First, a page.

The Reluctant Goodbye

Dominica Sunset Copyright 2008 by Blair Atherton

Dominica Sunset
Copyright 2008 by Blair Atherton

There he lay on his death bed. He had a wonderful life of failure and triumph, sorrow and joy, as well as disappointment and blessings. As he reflected on his life, he began to have feelings of profound loss. Not because of regret or for the things that might have been, but because of having to leave behind those he loves.

He had said his difficult goodbyes to other members of the family. Only the youngest two members remained to be seen for the last time.

Saving them for last seemed apt: as one road comes to an end, another begins. It provided a reminder of just how far he had come from the innocence of childhood to the spiritual trials of adulthood, and finally to the enlightened end of a long life well lived.

As these thoughts washed through his mind, his two youngest grandchildren came into the room to visit. They were quite young—barely in grade school. They were too young to have a grasp of what it means to die. He struggled with how to tell them he was going to have to leave them.

“Come here you two. Get in the bed with me,” he said. “I was hoping you would come to see me today.”

The two of them, a boy and a girl, climbed up into the bed—one on each side—-and laid their heads on his chest. As they did this, a powerful wave of love welled up inside him and he had to force back the tears that strained to explode forth under the force of his emotions. He did not want to ruin these last moments with these two that he loved so much.

For a few minutes he could not speak. Then he said, “There is something I want the two of you to know. I love you both more than anything, but I must go away and I will not see you again for a long time. I don’t want to leave you, but sometimes we must do things that we would rather not do. I want you to know that when I am gone I continue to love you, just like you keep loving me when we are apart, right?”

In unison they said, “Yes grandpa.”

“Always remember the fun we had and how much I love you. While we are apart, you will be wrapped in a blanket of my love that will keep you warm and safe always. Does that sound good?”

“Yes grandpa,” they replied.

“But when will we see you again?” asked the little girl.

“I don’t know when you will see me, but I will always be with you because of the love that we have for each other.”

The little boy said, “I love you grandpa. I’m going to miss you.”

“Me too,” said the little girl.

“I can’t begin to tell you how much I am going to miss you guys. I will be watching over you from afar and I will always be with you in your hearts and minds, and you in mine.”

When the children left and the door closed behind them, he closed his eyes and drifted away. He left behind tears running down his check for the sorrow his departure will cause, and a bit of a smile on his face for finally getting it right.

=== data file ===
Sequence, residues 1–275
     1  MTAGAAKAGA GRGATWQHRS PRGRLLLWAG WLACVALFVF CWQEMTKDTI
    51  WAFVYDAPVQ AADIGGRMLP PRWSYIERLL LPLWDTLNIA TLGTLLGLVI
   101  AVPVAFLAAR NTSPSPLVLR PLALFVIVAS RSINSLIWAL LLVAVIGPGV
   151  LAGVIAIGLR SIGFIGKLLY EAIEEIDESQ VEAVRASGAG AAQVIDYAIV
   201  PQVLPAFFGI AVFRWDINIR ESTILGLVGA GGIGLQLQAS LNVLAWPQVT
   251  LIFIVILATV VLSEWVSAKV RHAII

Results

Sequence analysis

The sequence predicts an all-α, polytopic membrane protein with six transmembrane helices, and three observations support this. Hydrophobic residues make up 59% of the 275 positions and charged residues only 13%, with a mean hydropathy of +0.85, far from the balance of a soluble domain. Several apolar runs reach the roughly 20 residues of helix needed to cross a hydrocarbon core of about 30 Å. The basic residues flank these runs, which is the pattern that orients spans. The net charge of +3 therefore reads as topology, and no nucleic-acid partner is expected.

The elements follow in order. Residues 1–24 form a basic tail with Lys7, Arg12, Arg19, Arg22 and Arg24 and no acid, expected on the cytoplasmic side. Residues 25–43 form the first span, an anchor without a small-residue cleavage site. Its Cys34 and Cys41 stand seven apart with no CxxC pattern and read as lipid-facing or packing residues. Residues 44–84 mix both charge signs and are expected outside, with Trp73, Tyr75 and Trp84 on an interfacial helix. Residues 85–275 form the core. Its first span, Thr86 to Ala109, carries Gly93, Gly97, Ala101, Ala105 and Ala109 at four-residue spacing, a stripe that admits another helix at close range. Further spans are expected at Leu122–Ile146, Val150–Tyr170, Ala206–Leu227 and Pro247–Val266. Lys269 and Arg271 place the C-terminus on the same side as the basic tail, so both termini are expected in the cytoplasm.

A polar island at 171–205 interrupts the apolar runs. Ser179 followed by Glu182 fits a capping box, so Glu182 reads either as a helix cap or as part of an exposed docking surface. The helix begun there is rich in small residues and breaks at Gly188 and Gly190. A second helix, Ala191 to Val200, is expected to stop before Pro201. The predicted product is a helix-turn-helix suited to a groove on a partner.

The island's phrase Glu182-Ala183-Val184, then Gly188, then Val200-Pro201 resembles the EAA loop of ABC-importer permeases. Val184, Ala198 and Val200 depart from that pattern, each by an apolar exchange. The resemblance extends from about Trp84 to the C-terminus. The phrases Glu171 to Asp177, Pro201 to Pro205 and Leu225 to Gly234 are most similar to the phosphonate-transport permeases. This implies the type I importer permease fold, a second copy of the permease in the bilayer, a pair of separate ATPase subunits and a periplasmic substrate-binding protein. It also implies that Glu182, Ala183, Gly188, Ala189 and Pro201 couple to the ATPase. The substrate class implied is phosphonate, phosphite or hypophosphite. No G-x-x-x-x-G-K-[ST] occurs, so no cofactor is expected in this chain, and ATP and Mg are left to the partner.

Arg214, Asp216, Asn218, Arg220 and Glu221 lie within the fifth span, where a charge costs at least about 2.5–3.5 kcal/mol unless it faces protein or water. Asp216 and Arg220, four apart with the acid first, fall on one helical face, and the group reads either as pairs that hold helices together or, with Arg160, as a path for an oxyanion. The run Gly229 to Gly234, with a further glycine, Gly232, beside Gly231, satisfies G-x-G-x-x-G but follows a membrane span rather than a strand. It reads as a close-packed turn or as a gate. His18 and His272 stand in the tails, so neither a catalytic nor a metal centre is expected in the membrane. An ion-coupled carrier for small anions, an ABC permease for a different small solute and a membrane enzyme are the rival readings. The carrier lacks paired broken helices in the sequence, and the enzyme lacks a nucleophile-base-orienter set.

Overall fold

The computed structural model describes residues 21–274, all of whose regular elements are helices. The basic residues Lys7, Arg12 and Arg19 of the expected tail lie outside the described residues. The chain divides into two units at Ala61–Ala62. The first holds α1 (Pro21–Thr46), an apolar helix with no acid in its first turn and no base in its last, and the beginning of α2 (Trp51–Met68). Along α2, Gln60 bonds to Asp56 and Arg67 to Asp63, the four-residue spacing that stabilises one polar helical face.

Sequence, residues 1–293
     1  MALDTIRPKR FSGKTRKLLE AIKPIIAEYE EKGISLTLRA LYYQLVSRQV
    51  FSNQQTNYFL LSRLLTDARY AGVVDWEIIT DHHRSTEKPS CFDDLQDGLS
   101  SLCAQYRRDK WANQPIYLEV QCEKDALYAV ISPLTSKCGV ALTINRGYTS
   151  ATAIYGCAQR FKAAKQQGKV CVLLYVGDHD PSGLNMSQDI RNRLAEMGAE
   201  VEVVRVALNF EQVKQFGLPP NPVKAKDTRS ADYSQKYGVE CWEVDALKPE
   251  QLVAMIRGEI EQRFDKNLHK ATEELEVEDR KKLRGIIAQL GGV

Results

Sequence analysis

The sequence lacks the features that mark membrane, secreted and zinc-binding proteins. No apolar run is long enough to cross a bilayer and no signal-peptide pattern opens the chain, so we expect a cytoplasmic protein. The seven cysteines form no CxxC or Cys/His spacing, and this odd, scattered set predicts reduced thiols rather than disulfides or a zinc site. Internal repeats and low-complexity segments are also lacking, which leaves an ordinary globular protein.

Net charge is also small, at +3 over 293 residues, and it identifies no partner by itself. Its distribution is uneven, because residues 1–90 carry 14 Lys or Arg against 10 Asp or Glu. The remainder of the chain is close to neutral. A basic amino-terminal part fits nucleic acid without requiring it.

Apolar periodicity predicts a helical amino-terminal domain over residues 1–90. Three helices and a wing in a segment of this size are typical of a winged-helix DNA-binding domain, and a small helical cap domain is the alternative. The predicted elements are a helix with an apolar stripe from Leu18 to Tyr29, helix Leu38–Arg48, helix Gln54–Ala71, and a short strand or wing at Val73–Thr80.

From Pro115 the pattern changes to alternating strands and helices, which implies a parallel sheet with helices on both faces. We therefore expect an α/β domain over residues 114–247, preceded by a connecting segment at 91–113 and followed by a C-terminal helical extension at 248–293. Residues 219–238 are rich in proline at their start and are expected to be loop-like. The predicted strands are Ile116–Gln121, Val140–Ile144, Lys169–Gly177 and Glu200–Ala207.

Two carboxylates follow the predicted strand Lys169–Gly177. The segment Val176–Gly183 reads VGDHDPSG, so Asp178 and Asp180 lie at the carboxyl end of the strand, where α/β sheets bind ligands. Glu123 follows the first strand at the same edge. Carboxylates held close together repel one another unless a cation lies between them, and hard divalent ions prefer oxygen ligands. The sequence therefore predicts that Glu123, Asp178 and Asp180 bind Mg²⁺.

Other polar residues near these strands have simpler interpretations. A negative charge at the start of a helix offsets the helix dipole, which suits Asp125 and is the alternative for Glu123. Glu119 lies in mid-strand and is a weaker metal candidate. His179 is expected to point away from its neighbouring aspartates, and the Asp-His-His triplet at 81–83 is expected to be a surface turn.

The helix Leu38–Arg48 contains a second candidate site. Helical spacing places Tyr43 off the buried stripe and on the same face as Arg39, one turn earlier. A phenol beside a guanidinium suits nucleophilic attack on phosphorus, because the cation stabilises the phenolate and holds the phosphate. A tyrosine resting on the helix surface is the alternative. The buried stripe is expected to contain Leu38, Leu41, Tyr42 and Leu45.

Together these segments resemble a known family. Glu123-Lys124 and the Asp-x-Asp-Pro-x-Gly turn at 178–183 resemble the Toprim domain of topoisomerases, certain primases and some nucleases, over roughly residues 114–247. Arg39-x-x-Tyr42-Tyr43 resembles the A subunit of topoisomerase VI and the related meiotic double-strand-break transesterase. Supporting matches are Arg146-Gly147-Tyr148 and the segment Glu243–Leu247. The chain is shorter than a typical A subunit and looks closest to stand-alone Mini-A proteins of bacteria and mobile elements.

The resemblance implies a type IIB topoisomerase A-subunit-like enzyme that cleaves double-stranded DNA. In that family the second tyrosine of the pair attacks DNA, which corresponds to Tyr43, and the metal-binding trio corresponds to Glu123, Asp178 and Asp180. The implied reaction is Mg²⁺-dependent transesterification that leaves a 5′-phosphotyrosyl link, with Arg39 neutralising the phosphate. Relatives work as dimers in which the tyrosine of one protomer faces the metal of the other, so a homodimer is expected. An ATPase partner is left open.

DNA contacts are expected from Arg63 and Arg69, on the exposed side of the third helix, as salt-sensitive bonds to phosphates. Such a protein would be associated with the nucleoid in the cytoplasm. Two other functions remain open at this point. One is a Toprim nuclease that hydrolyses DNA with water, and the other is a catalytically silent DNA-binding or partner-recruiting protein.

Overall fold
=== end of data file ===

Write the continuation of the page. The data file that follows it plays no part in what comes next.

Author’s note

This is a fictional dialogue. Although the story focuses on the little children,  the sentiment expressed in the dialogue is meant to span all age groups.


Let Us Not Forget the Little Children

Copyright 2012 by Blair Atherton

Copyright 2012 by Blair Atherton

Children today are raised in a society that values wealth, prestige, personal appearance, and professional accomplishments. Therefore, these are the things for which our children strive. Too often these materialistic aspirations are not sufficiently complemented with spiritual values.

This is a challenge for those families that do not participate in organized religion. It takes an enormous effort and resolve on the parent’s part to introduce children to a higher being and spiritual concepts on their own at home. Consequently, spiritual matters are sometimes overlooked entirely in a child’s upbringing.

If this happens, it is regrettable because it can cast the child adrift in the sea of materialism without a compass. They may soon be lost to the dark forces that lay in waiting. They can’t help but think that the material world is all that there is. Perhaps this has contributed to some extent to the state of society today.

Maybe it is a matter of breaking things down to their most basic level. What are the central attributes of spirituality that provide us with a code by which to live? What are the guiding principles we can use to shape our behavior and become spiritual citizens of the world community?

Most important for nurturing spirituality in our children is the role model we provide. Children learn a great deal by example. The pre-teen years are perhaps the most critical for instilling the concept of a Creator and spiritual principles and values in children. We must be constantly aware of our own behavior around children and how we demonstrate spiritual values and their application in our everyday lives.

Let us not forget the little children for they will shape the society of tomorrow. Let us not forget the little children for they can help us to become better human beings.

Author’s note

I would very much like to hear from readers about how they have instilled spirituality in their young children outside of religious practice.